From Mike Jacobs' column, Evansville Courier Press, June 19, 2011
At a time when Isiah Thomas is referenced more for his lack of coaching and management success than for his brilliance on the basketball court as a player, a story offers a lesson from Thomas into being a part of a championship team.
Bill Simmons of ESPN recently wrote an outstanding book for fans of the National Basketball Association titled, “The Book of Basketball.” Simmons writes about a chance meeting with Thomas years after his playing career was over, when Thomas shared what he learned from the great Boston Celtics and Los Angeles Lakers teams of the 1980s and then applied it to his Detroit Pistons teams that eventually won NBA championships as well.
Thomas had studied those Boston and Los Angeles teams that were winning titles while his Pistons weren’t able to get over the hump. What he learned from Lakers head coach Pat Riley was a theory that appeared to explain why some teams win consistently in all team sports and why others don’t accomplish their goals.
Riley preached what he describes as “the disease of more.” What Riley found was that a team that found some form of success one season had the potential to have team members worry more about getting more for themselves the next season — more minutes, more shots and more money. That kills a team and prevents it from reaching its ultimate goal or repeating that same level of success.
Thomas noted that it’s hard not to be selfish from the standpoint that most players want more accolades, more playing time, a larger role, and more money. He found that the teams that were able to fight that were the ones that were able to reach their end result.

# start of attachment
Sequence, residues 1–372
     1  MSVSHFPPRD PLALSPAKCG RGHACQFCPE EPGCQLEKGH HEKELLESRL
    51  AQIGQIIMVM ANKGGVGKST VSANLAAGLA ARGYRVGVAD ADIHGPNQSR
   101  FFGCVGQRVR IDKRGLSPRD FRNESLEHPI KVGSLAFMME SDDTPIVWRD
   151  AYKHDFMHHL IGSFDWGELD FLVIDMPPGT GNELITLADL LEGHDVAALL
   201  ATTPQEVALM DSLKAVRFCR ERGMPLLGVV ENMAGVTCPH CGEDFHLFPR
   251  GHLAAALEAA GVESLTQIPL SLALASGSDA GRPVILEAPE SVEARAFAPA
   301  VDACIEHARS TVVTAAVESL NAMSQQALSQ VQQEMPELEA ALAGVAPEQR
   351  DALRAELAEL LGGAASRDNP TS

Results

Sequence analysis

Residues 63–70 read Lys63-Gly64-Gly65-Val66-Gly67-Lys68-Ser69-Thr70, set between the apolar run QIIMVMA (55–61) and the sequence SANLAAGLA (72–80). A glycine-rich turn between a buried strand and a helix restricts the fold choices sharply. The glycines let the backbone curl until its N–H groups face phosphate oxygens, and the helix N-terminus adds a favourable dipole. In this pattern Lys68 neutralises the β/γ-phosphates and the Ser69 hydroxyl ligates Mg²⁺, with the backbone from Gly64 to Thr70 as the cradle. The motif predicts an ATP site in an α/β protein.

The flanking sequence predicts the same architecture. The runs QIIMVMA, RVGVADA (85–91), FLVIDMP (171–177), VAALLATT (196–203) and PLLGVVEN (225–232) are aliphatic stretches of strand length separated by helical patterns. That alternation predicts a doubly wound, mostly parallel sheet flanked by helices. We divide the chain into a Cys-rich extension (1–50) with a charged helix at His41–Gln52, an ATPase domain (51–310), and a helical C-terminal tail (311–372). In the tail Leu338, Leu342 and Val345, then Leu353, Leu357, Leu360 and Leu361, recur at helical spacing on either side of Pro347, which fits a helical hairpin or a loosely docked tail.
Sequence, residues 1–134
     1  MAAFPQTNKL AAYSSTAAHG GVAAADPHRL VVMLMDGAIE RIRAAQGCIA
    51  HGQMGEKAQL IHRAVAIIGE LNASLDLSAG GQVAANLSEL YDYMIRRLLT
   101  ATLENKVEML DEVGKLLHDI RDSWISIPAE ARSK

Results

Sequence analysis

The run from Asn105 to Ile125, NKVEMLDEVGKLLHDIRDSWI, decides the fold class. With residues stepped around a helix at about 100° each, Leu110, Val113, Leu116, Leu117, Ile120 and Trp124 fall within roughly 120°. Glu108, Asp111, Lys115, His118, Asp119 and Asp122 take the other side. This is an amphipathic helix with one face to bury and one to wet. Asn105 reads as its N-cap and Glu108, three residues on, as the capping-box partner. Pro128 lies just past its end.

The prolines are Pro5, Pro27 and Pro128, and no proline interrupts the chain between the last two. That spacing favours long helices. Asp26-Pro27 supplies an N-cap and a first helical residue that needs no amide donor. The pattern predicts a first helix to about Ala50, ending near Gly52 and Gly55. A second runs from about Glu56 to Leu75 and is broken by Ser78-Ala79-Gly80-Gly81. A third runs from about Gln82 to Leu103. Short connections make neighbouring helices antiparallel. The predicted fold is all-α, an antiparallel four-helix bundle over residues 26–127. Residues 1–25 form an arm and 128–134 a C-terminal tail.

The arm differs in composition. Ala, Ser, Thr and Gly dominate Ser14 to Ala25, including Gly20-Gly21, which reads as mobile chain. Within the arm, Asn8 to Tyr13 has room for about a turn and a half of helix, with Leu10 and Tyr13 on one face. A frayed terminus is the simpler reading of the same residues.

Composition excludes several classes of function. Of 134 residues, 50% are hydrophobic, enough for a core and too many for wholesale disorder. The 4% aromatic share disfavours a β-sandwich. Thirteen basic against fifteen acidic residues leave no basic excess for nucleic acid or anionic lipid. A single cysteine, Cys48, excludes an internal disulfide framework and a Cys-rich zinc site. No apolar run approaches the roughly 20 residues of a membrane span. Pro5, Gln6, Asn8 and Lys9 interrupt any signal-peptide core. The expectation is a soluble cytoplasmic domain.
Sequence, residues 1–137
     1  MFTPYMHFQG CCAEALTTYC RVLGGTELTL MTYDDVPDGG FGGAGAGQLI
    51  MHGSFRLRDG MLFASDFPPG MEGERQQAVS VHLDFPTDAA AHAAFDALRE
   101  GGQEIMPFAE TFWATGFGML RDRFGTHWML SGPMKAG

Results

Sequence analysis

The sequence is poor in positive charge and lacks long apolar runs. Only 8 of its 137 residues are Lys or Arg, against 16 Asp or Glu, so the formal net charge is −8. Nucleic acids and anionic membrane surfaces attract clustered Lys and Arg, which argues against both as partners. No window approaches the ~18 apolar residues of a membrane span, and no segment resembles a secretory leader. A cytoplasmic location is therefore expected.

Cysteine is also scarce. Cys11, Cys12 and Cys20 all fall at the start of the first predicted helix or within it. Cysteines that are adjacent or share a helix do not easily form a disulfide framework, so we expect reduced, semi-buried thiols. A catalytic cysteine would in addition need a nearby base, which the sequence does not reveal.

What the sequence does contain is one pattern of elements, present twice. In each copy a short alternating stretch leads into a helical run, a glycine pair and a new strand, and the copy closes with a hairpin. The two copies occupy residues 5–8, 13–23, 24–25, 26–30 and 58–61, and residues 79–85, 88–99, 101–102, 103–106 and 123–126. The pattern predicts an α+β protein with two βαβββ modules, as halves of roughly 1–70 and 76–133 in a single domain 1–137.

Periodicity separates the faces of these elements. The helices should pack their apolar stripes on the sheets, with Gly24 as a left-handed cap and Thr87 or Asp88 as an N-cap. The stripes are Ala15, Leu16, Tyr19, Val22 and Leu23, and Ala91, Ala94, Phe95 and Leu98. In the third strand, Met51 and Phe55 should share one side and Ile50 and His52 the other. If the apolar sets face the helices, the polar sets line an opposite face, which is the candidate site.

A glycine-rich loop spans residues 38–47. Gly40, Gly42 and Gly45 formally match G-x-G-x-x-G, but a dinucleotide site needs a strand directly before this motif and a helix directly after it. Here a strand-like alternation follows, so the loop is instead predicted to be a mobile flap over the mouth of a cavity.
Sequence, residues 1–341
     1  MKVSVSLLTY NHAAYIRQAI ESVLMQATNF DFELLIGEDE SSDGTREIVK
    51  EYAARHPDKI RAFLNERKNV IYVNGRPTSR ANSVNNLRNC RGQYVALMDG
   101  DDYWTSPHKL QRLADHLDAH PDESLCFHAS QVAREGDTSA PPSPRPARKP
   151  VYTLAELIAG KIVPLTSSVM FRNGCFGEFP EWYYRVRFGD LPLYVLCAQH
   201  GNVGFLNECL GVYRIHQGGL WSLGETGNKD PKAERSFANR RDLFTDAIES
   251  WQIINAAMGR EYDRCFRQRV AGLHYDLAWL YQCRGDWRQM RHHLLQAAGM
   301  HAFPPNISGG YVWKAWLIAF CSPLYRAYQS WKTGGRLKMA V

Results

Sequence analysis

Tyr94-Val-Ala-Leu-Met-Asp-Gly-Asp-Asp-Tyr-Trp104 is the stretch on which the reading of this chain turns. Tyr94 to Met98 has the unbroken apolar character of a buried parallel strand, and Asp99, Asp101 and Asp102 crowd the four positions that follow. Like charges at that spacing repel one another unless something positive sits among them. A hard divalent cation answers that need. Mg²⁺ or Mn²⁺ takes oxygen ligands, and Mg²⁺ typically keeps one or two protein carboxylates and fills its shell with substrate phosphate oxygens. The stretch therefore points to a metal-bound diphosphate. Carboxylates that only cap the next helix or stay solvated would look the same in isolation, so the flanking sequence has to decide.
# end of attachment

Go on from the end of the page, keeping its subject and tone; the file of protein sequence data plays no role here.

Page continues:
On the Pistons’ teams that won championships, even though Thomas was an NBA All-Star, he didn’t behave like he was any better. Rather than look at his own statistics, he would look at his team’s win-loss record as the most important number. He felt that, on his team, it would be hard to tell who the best player was because so many of them found ways to contribute to their team’s success — and they also didn’t care who was given the credit. When you have a special team, every player contributes something special. With that level of contribution from a group, the opposing team has to worry about containing eight or nine players rather than two or three.
Thomas felt that the key to basketball had less to do with basketball and more to do with the buy-in of teammates and the ability to sacrifice for the greater good.
He also credited Detroit general manager Jack McCloskey and coach Chuck Daly for their ability to place a premium on a player’s mental skills as well as his physical skills. Those Pistons’ teams had great players who were physically gifted, but they also had a nucleus that was very mentally tough and committed to sacrifice individual accolades for the good of the group. Both men found a way to integrate players who were flexible and versatile and sought out interchangeable parts willing to give up minutes for other teammates to help create chemistry in the group.
In the end, the Detroit Pistons’ teams that Thomas led on the court became champions because they liked each other, knew their roles, ignored statistics and valued winning over everything else. They won because their best players sacrificed to make everyone else happy. They won because everyone was on the same page.
Isiah Thomas has not been able to mirror that same level of success in management, but he does offer a unique perspective for groups in both sport or business to find success and sustain it.
Teams that are special not only have talented players, but have players that are willing to place the success of the group ahead of the individual.